Vision and Focus

Vision and Focus
preached* for the Unitarian Universalist Church of Greater Lansing
by the Rev. Kathryn A. Bert
September 9, 2012

I got new glasses on Thursday.  I was finding that particularly as I read and write on the computer, I was having to lift my head at a strange angle to look through the bottom lens in my bifocals for reading, rather than the lens for distance.  So I got myself a pair of glasses just for reading that would also work on the computer screen.  The weather was nice on Thursday, and I decided to work outside, as I often do when I have the luxury of that option.   But every time I lifted my gaze to the trees and grass and sky, they were out of focus.  It actually helped me stay focused on the words on the computer screen since looking at nature wasn’t as rewarding in that blur.

So I got to thinking about the metaphor of vision and focus.  Our theme for the month, vision, isn’t about the sense of sight.  But I was having a hard time defining it without visual imagery.  I’m sure that if it’s about time, it’s about the future.  If it’s about space, it’s a very large space – wide view, worldview.  Or, a particular space.  But that was about as far as I could get.  I was having trouble defining vision without the specific goal or content of that vision.

And so that’s why I’ve gone back to the Jewish concept of Tikkun Olam – the repair of the world.  For me, it’s the clearest explanation of what we’re about – humanity, at its best.  I think of great visionaries, and their accomplishments fit into that category – Mohandas K Gandhi, using nonviolence to achieve self-rule and self-determination of the Indian people, Margaret Fuller and the women’s movement of a century and half ago, Martin Luther King Jr., using peaceful protest to achieve civil rights for African Americans and the poor,  Harvey Milk, in San Francisco, working locally for gay rights.  I think of Kenyan environmental activist, Wangari Matthai.  These visionaries were all seeking to repair the world – to free a people or save an environment or to somehow set right what has gone so terribly wrong.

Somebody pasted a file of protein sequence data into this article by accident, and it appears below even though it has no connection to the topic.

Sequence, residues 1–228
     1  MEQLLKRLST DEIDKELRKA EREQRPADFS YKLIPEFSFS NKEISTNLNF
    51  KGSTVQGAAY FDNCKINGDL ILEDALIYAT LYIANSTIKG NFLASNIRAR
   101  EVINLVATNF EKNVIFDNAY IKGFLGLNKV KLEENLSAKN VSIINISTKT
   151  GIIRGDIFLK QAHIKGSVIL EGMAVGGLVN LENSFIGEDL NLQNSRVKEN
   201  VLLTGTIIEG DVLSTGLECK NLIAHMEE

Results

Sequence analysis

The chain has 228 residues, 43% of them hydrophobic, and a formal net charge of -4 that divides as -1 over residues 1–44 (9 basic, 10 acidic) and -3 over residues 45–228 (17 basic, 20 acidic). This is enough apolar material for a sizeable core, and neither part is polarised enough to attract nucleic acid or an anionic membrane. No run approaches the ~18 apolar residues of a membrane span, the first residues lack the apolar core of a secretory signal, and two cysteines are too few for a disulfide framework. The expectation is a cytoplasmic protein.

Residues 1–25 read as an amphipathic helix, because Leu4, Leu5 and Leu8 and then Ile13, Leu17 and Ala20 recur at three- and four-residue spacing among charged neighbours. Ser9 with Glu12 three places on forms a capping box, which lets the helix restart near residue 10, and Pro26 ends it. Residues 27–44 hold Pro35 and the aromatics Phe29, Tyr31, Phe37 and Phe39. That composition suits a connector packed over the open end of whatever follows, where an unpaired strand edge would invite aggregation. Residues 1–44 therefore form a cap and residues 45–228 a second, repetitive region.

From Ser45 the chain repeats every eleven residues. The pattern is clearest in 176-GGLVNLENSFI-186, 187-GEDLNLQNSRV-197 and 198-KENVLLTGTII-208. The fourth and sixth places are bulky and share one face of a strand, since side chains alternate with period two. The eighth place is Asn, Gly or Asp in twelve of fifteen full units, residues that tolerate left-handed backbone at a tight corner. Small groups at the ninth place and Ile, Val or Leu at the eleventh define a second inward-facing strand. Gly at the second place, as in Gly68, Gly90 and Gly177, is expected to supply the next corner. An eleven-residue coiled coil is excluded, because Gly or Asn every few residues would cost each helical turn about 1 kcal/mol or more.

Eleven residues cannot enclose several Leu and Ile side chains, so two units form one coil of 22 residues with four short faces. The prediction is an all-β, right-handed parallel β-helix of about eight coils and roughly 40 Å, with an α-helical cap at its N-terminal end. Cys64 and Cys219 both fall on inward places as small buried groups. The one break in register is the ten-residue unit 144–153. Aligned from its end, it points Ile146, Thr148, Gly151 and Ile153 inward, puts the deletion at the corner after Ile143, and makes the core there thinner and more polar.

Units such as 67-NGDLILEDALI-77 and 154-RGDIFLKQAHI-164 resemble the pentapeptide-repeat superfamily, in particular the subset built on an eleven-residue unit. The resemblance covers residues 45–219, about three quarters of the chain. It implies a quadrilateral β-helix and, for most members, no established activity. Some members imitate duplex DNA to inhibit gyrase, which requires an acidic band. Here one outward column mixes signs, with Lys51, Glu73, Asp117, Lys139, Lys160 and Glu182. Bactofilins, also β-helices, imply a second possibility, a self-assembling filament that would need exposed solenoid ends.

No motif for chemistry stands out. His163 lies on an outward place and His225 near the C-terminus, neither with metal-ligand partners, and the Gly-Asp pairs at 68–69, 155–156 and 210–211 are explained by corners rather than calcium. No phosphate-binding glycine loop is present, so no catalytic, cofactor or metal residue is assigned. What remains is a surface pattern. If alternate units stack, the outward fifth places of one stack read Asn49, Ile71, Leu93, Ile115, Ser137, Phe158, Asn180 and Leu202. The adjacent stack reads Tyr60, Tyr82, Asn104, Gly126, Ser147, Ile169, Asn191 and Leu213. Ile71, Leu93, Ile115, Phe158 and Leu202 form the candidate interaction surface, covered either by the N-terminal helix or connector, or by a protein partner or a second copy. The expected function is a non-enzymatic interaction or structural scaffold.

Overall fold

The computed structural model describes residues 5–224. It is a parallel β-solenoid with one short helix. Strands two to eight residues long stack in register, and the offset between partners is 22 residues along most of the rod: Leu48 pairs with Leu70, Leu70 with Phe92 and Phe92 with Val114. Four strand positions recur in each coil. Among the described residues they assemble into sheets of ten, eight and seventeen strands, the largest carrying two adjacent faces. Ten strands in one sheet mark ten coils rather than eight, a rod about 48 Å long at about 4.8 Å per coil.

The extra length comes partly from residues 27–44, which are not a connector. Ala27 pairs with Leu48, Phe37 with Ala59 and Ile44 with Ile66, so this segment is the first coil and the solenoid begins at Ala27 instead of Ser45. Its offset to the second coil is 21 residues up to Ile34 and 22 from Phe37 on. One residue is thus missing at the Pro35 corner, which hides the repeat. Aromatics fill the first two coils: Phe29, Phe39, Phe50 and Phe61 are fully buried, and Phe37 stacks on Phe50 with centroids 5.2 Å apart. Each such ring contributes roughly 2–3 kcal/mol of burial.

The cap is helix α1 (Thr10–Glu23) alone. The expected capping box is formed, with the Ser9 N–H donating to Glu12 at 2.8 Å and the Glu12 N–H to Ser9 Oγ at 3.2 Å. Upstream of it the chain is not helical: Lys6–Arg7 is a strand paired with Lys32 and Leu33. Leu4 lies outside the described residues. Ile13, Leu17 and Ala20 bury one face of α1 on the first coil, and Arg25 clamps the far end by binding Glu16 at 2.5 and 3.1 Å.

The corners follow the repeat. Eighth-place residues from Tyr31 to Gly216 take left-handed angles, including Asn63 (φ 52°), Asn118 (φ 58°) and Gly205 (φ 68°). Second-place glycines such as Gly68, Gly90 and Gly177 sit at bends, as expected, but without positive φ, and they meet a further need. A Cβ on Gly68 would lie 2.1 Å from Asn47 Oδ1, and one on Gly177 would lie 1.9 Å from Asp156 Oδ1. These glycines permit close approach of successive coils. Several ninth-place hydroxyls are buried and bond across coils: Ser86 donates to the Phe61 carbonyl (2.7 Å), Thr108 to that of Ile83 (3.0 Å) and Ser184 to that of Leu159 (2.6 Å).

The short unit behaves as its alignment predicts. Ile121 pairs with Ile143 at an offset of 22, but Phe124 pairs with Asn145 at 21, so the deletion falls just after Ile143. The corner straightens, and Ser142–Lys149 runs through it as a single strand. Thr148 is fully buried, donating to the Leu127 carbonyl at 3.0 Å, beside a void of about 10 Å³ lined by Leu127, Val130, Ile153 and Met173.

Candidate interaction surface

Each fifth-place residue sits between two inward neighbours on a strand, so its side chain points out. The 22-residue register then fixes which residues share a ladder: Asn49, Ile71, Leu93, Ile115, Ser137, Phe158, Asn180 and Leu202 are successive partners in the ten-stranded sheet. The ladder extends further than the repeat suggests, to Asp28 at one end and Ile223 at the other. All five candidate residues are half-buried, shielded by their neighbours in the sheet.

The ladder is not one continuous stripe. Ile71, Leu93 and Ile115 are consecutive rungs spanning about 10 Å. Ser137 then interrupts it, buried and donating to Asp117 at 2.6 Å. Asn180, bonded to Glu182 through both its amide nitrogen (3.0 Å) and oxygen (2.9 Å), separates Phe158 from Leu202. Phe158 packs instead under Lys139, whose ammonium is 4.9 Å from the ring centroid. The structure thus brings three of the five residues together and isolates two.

But, Hitler had a vision, too, as did Osama Bin Laden – so I’m not saying all vision is created equal.  But what Hitler and Osama Bin Laden have in common with Gandhi, Fuller, King, Milk, and Matthai is that they all made a significant impact on the world.  I don’t need to explain to you who all these people are – you may not have heard of one or two of them, but you know most of them because their impact on our world and our lives has been so great.

We know that none of these leaders or visionaries could have succeeded on their own.  None of them worked in isolation – they were articulators of a vision, such that the movements they led get associated with their names, but they are not the movements themselves.

I had an opportunity to take a Civil Rights Pilgrimage of the South in 2011 where I learned so many more names of people who impacted the changes in this country than I had ever encountered, names of people other than Martin Luther King and Rosa Parks: Bayard Rustin, for example, and Medgar Evers, Fannie Lou Hamer and Viola Liuzzo, to name a few.

I remind you of this because it may be that you are thinking, I’m no Jesus or Mahatma Gandhi, what does vision have to do with my life?  I’m just trying to get by.  But you may relate to Viola Liuzzo, Detroit housewife and Unitarian Universalist, who was killed driving marchers back to Selma in 1965.  Viola Liuzzo had a vision that she should somehow help, and she left her family drove to Selma, and participated in a movement greater than herself.

One reason I accepted a call to serve this congregation, was the clear articulation of its vision at the time.  The search committee described this congregation as one which had struggled to stay in right relationship with its ministers and fellow congregants – one that was learning and longing to develop healthier relationships and better patterns.  My vision was to find a church that I could serve for many years, creating longtime stability and health.  I had personal motivations – wanted  raise our son, Theo, and make a home with my husband, Stuart, without having to leave, but also had larger reasons – a belief that congregations are places where people find healing and health in order to go out into the world to make it better.  I believed and still believe that we become better people and create a better world when we work through our conflicts and build relationships, rather than leaving in disappointment to start anew elsewhere.